The law firm said that her pension plan with Decatur entitled her to receive at least $3,500 per month, since she became disabled on the job. In June 2019, the city reduced her benefit to roughly $400 a month, according to the lawsuit.
That came as a result of the city’s pension plan being amended on June 3, 2019. The release claims that Arnold told Christensen that the pension plan was never meant to be a disability plan and “that is what Worker’s Compensation is for.”
The lawsuit claims that the city’s legal justification for amending the pension plan was fabricated since the city told the Pension Board and the city’s commissioners that it had to be changed because it didn’t comply with IRS rules and the Georgia Constitution.
Instead, the law firm argues that the 2019 amendment is unconstitutional since it altered the benefit formulas and directly reduced benefit payouts. In addition, the lawsuit claims the city breached its contract with Christensen, since government pension plans are considered contracts between public employers and their employees in Georgia. The lawsuit also alleges that the ordeal violated the Fourteenth Amendment.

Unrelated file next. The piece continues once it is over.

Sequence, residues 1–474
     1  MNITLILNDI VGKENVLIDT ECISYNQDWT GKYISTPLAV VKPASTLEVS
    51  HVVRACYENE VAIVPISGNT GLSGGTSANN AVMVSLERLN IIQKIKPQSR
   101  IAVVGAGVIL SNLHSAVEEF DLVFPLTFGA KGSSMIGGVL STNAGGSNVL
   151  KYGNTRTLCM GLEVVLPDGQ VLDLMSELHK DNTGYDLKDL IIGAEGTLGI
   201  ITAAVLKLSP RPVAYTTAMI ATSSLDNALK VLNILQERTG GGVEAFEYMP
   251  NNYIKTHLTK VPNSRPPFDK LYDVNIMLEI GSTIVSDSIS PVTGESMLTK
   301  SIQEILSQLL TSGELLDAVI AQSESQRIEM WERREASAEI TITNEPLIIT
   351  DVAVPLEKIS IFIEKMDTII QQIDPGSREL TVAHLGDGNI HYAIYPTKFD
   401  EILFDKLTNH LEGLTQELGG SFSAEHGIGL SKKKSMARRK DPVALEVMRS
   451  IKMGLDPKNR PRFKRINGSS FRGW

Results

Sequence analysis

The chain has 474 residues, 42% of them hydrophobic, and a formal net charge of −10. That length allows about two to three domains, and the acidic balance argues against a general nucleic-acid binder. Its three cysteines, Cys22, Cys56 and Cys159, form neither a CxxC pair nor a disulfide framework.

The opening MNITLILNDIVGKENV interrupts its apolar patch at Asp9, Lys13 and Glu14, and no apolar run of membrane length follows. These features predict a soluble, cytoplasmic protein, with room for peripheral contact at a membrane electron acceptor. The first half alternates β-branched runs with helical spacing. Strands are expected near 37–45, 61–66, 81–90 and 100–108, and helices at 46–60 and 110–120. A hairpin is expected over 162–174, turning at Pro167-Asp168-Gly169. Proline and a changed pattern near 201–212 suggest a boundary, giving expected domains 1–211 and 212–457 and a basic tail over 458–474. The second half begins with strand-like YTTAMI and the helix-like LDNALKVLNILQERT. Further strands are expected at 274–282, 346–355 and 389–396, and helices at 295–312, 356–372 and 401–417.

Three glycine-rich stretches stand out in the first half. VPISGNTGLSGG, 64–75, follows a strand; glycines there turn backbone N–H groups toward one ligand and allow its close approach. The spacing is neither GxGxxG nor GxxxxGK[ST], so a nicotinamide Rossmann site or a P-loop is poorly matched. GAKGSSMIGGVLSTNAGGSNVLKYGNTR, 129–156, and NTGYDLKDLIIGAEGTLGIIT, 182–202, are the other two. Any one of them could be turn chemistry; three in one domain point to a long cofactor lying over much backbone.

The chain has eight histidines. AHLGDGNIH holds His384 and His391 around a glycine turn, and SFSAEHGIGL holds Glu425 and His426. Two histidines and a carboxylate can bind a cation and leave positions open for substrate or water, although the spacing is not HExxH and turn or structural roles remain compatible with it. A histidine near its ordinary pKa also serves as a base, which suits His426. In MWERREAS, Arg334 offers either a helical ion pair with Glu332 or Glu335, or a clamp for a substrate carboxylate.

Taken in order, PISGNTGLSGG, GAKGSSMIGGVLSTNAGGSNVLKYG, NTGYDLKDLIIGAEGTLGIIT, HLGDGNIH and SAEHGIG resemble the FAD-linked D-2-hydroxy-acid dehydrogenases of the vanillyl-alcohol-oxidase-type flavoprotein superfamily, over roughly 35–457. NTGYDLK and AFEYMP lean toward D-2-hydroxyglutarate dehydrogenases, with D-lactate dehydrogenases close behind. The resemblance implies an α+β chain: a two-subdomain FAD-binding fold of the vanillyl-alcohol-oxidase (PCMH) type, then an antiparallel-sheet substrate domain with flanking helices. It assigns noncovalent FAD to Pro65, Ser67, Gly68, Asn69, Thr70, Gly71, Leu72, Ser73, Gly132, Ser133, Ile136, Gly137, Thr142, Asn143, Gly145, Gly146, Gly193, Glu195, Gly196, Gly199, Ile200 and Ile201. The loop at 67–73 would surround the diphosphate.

“Firefighters like our client who become permanently disabled after responding to a call should get exactly what the City promised them — full retirement benefits,” Attorney Andrew Tate said in the release. “Our client paid into her pension for nearly twenty years and the City stripped it from her overnight with no legal justification.”
Connie Jacobs-Walton, who was the city’s director of human resources until earlier this year, is also a defendant because she’s accused of misleading Christensen into requesting a retirement date after the amendment went into effect, the release said.
The lawsuit was filed in the U.S. District Court for the Northern District of Georgia and requests a jury trial. The law firm is requesting that Christensen receive her original pension payments along with compensatory and punitive damages against all three defendants.
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